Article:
It was a big weekend in Mexican history, one that I spent in blissful, disconnected ignorance with some friends in the mountainous jungle that surrounds Xalapa. Meanwhile, back in Mexico City some self-proclaimed anarchists were partying like it was 1999 — at the WTO protests in Seattle, that is.

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On the day that Mexico’s new president, Enrique Peña Nieto, took power, they bashed in the windows of banks and multinationals and painted graffiti on public monuments. Predictably, the police responded with more force than necessary and the Internet was flooded with pictures of what appears to be police brutality.


Why all the fuss? No one really seems to know. Originally there were rumors that peaceful protests were infiltrated by paid agents, though no one knows who would pay them and how they would benefit. There were also rumors that one of the protesters was killed by police; that too was later proven wrong. The economists and private sector insist that youth unemployment is high and, hence, the kids have nothing more to do than cause trouble.

Context is important. The PRI ruled Mexico for 70 straight years of “perfect dictatorship” after the Mexican Revolution. True electoral democracy finally arrived to Mexico in 2000 with the election of Vicente Fox of the conservative PAN party. In the ensuing 12 years of PAN rule, the economy grew and inflation settled but outgoing president Felipe Calderón’s security strategy was a disaster and his administration couldn’t forge a consensus with other parties in order to pass the reforms that he promised during his campaign.


That widespread dissatisfaction combined with a poor casting of opposition candidates and Peña Nieto’s cozy relationship with the influential media monopolies was enough to guarantee his election. On the campaign trail, Peña Nieto was just about laughed out of the country when he was incapable of accurately naming the titles of three books that had an influence on his life. But even his greatest detractors have since had to recognize that he is much more savvy in the political arena than at a literature festival.

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Having witnessed the political gridlock that kept Calderón from passing the reforms he sought, Peña Nieto decided to begin his administration by signing a pact with leaders of the two principal opposition parties to formalize their willingness to work together to achieve 95 fairly specific, laudable commitments that are divided into five categories: rights, economy, security, accountability, and democratic governance. Spanish speakers can review the specific commitments at the Pacto por Mexico website, or review the full 19-page document. English speakers can get an overview from the Financial Times. I have yet to dig into the details and historical context of each commitment, but at first glance, this seems like an excellent to-do list for any new government to begin its administration. Indeed, President Obama could take a note from Peña Nieto’s playbook and forge a similar pact with the Republican Party before next month’s inauguration in DC.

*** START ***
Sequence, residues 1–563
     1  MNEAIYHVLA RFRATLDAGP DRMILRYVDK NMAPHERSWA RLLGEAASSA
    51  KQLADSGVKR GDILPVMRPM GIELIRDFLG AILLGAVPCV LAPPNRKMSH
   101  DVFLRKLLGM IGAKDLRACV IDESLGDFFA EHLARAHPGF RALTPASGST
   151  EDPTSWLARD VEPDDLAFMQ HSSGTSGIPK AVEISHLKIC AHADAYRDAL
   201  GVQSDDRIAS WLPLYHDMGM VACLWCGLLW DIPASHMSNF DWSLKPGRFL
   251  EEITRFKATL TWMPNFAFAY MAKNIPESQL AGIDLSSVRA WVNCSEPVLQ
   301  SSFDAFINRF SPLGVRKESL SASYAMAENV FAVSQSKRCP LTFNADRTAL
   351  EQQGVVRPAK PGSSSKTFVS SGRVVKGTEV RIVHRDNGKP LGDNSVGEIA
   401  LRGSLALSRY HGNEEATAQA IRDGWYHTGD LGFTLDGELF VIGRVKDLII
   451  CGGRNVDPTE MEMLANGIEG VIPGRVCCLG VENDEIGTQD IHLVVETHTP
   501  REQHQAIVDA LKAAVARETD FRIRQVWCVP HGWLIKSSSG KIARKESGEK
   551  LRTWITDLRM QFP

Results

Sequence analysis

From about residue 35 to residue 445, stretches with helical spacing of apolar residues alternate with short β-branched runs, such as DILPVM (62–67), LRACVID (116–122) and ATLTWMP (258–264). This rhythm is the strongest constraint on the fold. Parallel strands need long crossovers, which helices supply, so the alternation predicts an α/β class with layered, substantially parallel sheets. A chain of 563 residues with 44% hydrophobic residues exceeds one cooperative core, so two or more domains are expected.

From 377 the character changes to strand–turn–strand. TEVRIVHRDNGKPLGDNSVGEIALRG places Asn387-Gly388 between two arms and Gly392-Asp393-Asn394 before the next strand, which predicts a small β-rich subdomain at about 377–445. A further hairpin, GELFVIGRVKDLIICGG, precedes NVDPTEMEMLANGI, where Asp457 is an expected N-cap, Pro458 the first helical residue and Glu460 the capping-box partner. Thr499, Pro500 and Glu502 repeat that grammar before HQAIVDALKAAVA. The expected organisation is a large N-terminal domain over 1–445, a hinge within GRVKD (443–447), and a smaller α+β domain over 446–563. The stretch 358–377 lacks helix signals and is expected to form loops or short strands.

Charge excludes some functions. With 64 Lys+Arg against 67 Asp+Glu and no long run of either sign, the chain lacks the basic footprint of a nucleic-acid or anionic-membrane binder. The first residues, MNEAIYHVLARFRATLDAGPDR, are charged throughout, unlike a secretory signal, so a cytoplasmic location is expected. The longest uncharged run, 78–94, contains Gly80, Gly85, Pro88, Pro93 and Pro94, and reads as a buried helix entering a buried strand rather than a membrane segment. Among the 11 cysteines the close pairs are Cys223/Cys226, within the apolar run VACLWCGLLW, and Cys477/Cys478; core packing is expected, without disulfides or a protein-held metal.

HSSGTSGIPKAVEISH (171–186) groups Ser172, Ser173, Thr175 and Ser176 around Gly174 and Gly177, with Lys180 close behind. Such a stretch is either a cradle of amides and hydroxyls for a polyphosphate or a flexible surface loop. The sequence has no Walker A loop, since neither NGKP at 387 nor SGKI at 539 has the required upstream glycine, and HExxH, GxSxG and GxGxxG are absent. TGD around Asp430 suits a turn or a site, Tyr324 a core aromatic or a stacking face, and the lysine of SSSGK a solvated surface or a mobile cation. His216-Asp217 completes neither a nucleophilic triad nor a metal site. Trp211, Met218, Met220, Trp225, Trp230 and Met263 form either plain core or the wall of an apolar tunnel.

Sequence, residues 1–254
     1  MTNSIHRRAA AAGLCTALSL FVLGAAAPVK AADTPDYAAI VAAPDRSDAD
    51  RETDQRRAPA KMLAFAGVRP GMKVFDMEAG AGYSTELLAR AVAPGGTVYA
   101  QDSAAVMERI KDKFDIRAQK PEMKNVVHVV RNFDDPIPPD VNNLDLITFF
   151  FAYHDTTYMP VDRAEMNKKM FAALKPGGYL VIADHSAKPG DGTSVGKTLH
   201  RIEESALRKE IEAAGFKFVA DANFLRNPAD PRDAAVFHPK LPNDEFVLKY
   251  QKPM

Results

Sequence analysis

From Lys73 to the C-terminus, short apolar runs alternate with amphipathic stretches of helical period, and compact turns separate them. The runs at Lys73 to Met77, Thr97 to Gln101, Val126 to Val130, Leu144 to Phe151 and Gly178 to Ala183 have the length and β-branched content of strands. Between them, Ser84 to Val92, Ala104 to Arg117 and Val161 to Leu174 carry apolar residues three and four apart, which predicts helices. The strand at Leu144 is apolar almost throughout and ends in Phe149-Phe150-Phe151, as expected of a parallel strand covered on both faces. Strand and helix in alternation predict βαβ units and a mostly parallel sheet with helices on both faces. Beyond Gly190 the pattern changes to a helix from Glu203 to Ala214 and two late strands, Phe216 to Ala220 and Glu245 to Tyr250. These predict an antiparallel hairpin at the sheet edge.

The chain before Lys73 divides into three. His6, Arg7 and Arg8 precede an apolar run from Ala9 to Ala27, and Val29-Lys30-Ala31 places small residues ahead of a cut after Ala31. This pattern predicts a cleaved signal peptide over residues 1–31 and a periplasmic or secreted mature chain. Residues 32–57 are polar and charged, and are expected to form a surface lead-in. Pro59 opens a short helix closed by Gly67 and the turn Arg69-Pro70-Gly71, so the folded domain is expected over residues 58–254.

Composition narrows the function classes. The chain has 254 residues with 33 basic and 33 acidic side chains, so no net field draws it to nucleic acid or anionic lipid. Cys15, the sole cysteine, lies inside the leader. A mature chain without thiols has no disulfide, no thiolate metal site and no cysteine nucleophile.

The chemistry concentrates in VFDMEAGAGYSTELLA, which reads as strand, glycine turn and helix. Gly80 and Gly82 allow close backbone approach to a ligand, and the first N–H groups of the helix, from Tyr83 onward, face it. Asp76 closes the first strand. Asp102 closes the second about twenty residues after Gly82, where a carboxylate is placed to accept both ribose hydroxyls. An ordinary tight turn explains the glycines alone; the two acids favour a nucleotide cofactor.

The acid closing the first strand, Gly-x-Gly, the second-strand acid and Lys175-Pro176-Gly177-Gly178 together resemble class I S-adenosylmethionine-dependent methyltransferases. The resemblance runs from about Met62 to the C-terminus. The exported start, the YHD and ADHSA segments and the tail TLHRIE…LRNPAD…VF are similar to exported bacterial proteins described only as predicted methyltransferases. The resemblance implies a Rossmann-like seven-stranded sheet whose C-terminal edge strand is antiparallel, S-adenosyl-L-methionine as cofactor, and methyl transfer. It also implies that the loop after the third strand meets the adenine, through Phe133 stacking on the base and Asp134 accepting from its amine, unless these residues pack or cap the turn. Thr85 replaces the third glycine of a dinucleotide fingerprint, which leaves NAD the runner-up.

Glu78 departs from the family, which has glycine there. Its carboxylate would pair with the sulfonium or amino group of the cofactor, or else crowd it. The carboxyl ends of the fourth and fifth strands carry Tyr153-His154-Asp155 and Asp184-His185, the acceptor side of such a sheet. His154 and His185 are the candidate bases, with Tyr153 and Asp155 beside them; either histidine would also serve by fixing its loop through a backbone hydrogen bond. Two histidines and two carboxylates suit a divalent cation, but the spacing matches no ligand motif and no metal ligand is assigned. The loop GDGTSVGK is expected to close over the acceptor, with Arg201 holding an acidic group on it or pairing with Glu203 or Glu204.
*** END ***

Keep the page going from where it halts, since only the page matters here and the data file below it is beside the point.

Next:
While I’m optimistic that the new government will be able to achieve their commitments — including the important possibility of implementing re-election in the congress — there are some serious challenges to underline. First, the leftist PRD party is far from unanimous in its support of the pact. Party members say that their leader, Jesus Zembrano, acted as an individual, not a representative of the party. Second, no one knows how the PRI plans to pay for all the commitments they say they will pass. A study by the Center for Economic Studies of the Private Sector (CEESP) says that the government will have to increase its GDP by six points to cover all the costs of Peña Nieto’s campaign promises. The new administration has until December 15th to explain how it will manage to cover the costs — apparently without raising taxes.

To appreciate Peña Nieto’s first actions as president, we should compare them to Calderón’s first moves after his inauguration six years ago. Having just narrowly won a bitterly contested election, Calderón sought legitimacy by donning a military uniform, declaring a war on drug cartels and sending in the military to his home state of Michoacán. In his six years as president, his “war on drug cartels” caused more than 60,000 homicides, the vast majority of them unsolved and not even investigated.

Peña Nieto, on the other hand, is starting with sensible commitments and reaching out to the opposition parties. I admit that I am increasingly impressed and intrigued by his efficiency (especially in a country where so much is defined by inefficiency). But I continue to be skeptical distrustful of the PRI, as they are still a party without an ideology that goes beyond winning the next election. So far it seems that Mexico has elected a man that can get things done, but we have yet to see a vision of what the country should become.